EMBARGOED FOR RELEASE
June 11, 2008, at 12:01 a.m.
(708) 492-0930, ext. 9316
WESTCHESTER, Ill. – The Children’s Report of Sleep Patterns (CRSP), a new self-report measure of children’s sleep patterns, sleep hygiene, and sleep disturbances for school-aged children, may be a reliable and valid self-report measure of sleep patterns, sleep hygiene, and sleep disturbances in children eight to 12 years of age, according to a research abstract that will be presented on Wednesday at SLEEP 2008, the 22nd Annual Meeting of the Associated Professional Sleep Societies (APSS).
The study, authored by Lisa Meltzer, PhD, of Children’s Hospital of Philadelphia and the University of Pennsylvania School of Medicine, focused on 120 children who completed the CRSP, a 67-item measure with nine subscales, and the Multidimensional Anxiety Scale for Children-10 item (MASC-10). Parents/caregivers completed the Children’s Sleep Habits Questionnaire (CSHQ) and the Children’s Sleep Hygiene Scale (CSHS).
According to the results, the CRSP demonstrated adequate internal reliability. Twenty-three percent of children reported a night waking the previous night that parents did not report. Concurrent validity was examined, with moderate significant relationships between the CRSP and CSHQ for sleep anxiety, sleep-related breathing disorders, parasomnias, and sleep disorders/disturbances. In addition, relationships were found between the CRSP and CSHS for caffeine, bedtime routine, sleep onset location, and sleep onset worries, and between the CRSP and MASC-10 for bedtime worries.
“While sleep problems in school-aged children are primarily reported by parents, children as young as eight years old may be able to provide reliable information about their own sleep patterns, sleep hygiene, and sleep disturbances,” said Dr. Meltzer.
It is recommended that school-aged children get between 10-11 hours of nightly sleep and children in pre-school between 11-13 hours.
The American Academy of Sleep Medicine (AASM) offers some tips to help your child sleep better:
- Follow a consistent bedtime routine. Set aside 10 to 30 minutes to get your child ready to go to sleep each night.
- Establish a relaxing setting at bedtime.
- Interact with your child at bedtime. Don’t let the TV, computer or video games take your place.
- Keep your children from TV programs, movies, and video games that are not right for their age.
- Do not let your child fall asleep while being held, rocked, fed a bottle, or while nursing.
- At bedtime, do not allow your child to have foods or drinks that contain caffeine. This includes chocolate and sodas. Try not to give him or her any medicine that has a stimulant at bedtime. This includes cough medicines and decongestants.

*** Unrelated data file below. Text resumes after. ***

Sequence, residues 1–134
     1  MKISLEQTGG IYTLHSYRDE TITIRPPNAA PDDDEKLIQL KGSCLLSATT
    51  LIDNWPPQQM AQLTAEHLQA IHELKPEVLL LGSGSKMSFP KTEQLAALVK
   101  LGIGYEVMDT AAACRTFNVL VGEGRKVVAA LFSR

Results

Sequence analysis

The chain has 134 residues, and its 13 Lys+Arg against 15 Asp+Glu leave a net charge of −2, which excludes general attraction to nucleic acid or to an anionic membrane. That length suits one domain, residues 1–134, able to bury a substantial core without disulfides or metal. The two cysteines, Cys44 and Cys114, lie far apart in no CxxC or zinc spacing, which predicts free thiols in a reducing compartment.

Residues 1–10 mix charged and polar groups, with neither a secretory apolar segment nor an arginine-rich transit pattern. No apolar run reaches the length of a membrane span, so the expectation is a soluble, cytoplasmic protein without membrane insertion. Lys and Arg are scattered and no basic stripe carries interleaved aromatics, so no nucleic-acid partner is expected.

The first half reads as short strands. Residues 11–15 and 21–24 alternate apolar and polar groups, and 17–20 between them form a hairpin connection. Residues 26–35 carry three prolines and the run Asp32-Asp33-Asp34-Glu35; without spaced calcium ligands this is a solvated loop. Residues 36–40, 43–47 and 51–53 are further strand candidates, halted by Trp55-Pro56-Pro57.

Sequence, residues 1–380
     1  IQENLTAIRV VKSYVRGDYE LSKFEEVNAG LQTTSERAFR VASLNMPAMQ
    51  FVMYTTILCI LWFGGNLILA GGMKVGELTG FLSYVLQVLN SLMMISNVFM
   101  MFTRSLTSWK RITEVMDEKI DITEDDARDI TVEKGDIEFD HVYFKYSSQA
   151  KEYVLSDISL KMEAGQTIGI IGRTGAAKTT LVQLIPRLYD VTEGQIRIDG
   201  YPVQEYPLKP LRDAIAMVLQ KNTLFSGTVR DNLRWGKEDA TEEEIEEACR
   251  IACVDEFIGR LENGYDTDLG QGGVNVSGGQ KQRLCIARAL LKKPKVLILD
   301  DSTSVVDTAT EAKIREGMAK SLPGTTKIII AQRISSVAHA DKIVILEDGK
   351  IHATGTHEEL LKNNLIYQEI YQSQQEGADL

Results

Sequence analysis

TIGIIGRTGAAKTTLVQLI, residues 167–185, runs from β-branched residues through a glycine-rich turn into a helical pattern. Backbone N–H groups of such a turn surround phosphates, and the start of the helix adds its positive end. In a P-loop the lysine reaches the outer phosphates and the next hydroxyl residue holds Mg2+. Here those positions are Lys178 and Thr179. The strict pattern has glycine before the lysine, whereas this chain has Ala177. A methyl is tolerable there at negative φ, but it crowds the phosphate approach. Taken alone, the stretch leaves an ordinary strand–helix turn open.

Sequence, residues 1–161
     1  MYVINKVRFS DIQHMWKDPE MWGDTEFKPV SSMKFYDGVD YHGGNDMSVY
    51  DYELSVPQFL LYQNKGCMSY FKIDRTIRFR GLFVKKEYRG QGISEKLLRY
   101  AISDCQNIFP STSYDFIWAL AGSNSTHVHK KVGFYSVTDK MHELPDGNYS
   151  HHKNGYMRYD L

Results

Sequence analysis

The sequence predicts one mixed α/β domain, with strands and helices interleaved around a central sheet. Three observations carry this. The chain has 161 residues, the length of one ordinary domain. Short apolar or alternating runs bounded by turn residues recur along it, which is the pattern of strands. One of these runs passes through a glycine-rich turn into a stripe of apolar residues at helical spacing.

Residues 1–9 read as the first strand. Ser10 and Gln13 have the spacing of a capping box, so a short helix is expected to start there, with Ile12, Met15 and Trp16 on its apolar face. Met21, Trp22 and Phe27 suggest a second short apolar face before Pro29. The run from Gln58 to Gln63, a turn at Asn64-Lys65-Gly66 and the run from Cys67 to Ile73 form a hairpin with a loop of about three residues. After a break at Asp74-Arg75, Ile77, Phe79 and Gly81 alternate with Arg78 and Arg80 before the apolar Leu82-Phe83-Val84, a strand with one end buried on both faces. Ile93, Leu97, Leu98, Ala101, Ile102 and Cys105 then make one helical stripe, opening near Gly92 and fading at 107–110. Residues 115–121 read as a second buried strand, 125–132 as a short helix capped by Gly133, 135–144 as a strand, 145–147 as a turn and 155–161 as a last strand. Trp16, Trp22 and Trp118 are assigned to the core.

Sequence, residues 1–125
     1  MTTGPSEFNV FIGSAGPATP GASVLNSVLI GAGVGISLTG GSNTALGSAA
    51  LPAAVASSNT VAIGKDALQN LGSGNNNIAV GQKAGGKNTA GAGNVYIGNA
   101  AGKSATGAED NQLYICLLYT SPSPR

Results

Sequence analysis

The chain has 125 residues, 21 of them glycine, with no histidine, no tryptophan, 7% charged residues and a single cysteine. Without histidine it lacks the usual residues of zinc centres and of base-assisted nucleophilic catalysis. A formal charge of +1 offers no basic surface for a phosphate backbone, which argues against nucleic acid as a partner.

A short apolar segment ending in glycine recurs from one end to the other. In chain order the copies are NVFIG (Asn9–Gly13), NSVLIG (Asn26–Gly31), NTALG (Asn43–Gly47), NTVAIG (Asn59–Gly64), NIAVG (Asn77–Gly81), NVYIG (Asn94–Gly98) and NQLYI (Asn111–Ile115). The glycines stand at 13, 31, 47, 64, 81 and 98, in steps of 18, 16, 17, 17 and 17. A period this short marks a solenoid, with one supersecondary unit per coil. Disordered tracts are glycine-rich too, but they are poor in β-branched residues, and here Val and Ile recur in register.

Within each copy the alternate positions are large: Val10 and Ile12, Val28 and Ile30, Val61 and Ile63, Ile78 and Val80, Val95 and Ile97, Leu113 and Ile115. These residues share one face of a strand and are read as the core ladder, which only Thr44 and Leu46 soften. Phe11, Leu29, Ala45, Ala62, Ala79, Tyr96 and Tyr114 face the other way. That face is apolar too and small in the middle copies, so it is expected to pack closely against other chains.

It is important to make sure that your child gets enough sleep and sleeps well. The value of sleep can be measured by your child’s smiling face, happy nature and natural energy. A tired child may have development or behavior problems. A child’s sleep problems can also cause unnecessary stress for you and the other members of your family.
Parents who suspect that their child might be suffering from a sleep disorder are encouraged to consult with their child’s pediatrician or a sleep specialist.
More information about “children and sleep” is available from the AASM at https://www.SleepEducation.com/Topic.aspx?id=8.
The annual SLEEP meeting brings together an international body of 5,000 leading researchers and clinicians in the field of sleep medicine to present and discuss new findings and medical developments related to sleep and sleep disorders.
More than 1,150 research abstracts will be presented at the SLEEP meeting, a joint venture of the AASM and the Sleep Research Society. The three-and-a-half-day scientific meeting will bring to light new findings that enhance the understanding of the processes of sleep and aid the diagnosis and treatment of sleep disorders such as insomnia, narcolepsy and sleep apnea.
SleepEducation.com, a patient education Web site created by the AASM, provides information about various sleep disorders, the forms of treatment available, recent news on the topic of sleep, sleep studies that have been conducted and a listing of sleep facilities.
Abstract Title: School-Aged Children’s Report of Sleep Patterns
Presentation Date: Wednesday, June 11
Abstract ID: 0196
# # #